Susan Kramer: I do not question the intent or the fact that it has done good work. However, I am cautious because of a much broader, more fundamental point about the health of a democratic society. We live in an environment where the tendency for many decades has been to pull power to the centre. That has always been done with good intent—“We know better”; the removal of London government might be one of the dramatic examples, but centralisation has continued under the Labour Government in a number of ways. A healthy, democratic society needs centres of power and influence that are outside the remit of central or local government.

Yesterday, the Conservatives issued a paper in which they propose to replace the Office of the Third Sector—I agree that the name is perfectly meaningless—with an office of civil society. By definition, civil society should not be fully co-opted into Government. When we go overseas, we see civil society as key, for example, to delivering aid in a way that will not be influenced by the local Government—frequently because we think them corrupt, biased or whatever else. We see civil society as incredibly necessary as a mechanism for challenge; we want it to be an authentic voice of the people. There is real risk if we try to grasp it, draw it in and co-opt it. I am concerned about that and about the approach that says, “Let’s put civil society in the Cabinet.”

Mr. Maude: To set the hon. Lady’s mind at rest, I should say that we want the office to be for civil society, not of civil society. It is important that all the incredibly valuable activities that we all wish to flourish and prosper should get support from the Government; much of this debate has been about how that should happen. What we propose does not in any way try to co-opt civil society into the Government. In fact, the very reverse is true: we see the independence of the body as crucial to its future thriving.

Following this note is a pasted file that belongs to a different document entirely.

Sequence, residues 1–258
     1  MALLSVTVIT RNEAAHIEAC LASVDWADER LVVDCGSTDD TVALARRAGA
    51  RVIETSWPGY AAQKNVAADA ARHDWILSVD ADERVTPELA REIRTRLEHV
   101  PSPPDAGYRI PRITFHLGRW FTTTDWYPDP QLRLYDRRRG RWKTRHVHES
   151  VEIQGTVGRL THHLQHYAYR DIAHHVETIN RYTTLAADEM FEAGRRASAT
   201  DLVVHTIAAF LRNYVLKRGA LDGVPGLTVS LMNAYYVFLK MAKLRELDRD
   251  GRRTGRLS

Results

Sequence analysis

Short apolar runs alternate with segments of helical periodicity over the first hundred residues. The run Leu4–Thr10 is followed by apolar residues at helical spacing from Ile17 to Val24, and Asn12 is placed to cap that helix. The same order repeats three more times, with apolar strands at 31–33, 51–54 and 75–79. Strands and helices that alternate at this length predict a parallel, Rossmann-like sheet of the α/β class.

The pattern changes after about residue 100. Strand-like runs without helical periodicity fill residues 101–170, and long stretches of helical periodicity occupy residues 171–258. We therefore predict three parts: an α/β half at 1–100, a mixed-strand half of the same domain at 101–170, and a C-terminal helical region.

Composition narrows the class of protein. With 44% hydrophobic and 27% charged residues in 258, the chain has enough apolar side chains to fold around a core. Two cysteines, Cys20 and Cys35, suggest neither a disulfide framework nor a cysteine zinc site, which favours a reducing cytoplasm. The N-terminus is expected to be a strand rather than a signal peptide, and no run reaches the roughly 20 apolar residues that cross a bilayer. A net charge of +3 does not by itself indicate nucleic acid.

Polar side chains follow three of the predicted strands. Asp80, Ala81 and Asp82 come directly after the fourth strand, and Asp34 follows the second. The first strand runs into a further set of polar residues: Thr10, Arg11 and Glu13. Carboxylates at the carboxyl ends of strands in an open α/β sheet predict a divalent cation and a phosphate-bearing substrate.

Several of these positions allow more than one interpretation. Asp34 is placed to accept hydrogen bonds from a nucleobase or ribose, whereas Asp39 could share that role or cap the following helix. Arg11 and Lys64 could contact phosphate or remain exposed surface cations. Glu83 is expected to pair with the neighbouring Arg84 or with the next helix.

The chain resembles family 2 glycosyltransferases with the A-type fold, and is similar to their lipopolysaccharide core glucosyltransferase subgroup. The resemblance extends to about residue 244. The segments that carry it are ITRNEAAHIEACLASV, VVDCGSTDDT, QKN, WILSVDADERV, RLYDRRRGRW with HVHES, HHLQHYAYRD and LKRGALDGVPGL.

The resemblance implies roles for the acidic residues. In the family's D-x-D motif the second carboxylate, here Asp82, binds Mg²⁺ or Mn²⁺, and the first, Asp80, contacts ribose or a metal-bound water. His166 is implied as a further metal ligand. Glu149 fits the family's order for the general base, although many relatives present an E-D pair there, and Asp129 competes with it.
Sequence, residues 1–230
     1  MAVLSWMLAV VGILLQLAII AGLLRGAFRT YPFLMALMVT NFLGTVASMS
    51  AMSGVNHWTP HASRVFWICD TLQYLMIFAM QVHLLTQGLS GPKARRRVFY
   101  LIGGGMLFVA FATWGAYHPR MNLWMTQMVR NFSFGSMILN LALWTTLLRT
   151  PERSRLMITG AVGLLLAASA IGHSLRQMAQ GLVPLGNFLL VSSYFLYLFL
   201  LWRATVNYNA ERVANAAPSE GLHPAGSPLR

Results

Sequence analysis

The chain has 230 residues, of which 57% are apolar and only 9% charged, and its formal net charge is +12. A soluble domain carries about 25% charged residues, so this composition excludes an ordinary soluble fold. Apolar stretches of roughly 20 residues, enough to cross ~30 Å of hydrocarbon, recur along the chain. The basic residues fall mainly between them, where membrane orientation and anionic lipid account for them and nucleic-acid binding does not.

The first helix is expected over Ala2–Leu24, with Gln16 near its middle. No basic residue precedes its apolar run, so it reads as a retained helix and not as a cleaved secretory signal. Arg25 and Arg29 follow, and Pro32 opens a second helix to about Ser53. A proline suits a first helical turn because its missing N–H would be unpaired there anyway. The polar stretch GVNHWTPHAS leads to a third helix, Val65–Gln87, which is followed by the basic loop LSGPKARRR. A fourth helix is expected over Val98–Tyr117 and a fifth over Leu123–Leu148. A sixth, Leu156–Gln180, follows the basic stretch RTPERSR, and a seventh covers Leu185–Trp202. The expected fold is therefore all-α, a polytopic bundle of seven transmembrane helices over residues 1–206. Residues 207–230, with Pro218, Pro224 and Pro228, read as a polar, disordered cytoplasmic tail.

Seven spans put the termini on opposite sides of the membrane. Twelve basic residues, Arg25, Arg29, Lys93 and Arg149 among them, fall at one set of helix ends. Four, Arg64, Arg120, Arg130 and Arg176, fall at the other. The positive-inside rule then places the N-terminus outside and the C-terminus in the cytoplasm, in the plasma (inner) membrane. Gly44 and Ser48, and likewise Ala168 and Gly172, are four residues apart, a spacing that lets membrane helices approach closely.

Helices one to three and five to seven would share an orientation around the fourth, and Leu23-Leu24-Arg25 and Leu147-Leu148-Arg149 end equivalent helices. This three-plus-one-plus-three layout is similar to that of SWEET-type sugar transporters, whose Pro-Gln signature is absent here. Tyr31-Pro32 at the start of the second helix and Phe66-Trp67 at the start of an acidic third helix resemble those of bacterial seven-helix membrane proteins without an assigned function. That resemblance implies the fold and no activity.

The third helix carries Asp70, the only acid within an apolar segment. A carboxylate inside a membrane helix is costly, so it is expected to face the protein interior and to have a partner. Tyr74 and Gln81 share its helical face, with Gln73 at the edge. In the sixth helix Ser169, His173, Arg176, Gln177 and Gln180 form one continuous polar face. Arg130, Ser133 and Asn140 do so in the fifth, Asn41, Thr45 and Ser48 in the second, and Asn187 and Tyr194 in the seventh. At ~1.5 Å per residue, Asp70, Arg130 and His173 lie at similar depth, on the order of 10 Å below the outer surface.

Susan Kramer: I thank the right hon. Gentleman, but it would be a rare body that did not find itself instinctively—tiny step by tiny step—crossing the barrier between “for” and “of”. That is one of the dangers, and I raise it because we have to be conscious and aware of it.

Bob Spink (Castle Point) (UKIP): Is the hon. Lady surprised by the inconsistency of the Conservatives’ position? They call for Government support for civil society, but many Conservative councils, including Castle Point borough council and Essex county council, are cutting support, grants and provisions such as free room rents for many voluntary groups. They are putting those groups at risk. I am thinking, for instance, of the Phoenix club in my constituency.

Susan Kramer: I thank the hon. Gentleman. I have little knowledge of his situation, but perhaps Conservative Front Benchers will have an opportunity to answer those questions later. Many of us, however, suck in breath as we see what our colleagues do from time to time.

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I should say that my party has pleasure in the Government’s decision to create a grass-roots grant programme—particularly in the endowment element of it. In my own constituency there are groups such as—they have these terrible, old-fashioned Victorian names—the Barnes Workhouse Fund and the Hampton Fuel Allotment Charity. They have been crucial to the survival of our small charities at a time when the large charities—the premier league of 18 or so major recipients of Government funds through various contracts to deliver services—have managed to use the increased base to thrive and grow, while many of the smaller and middle-sized charities have struggled, and a few in my community have closed. From time to time, charities will close. Their purpose will disappear, or somebody else may start to deliver the service better. However, that is not the case with these groups, and I am glad that there is a nod in the direction of creating an endowment body that can continue to give life to this sector, which has been generally under-recognised.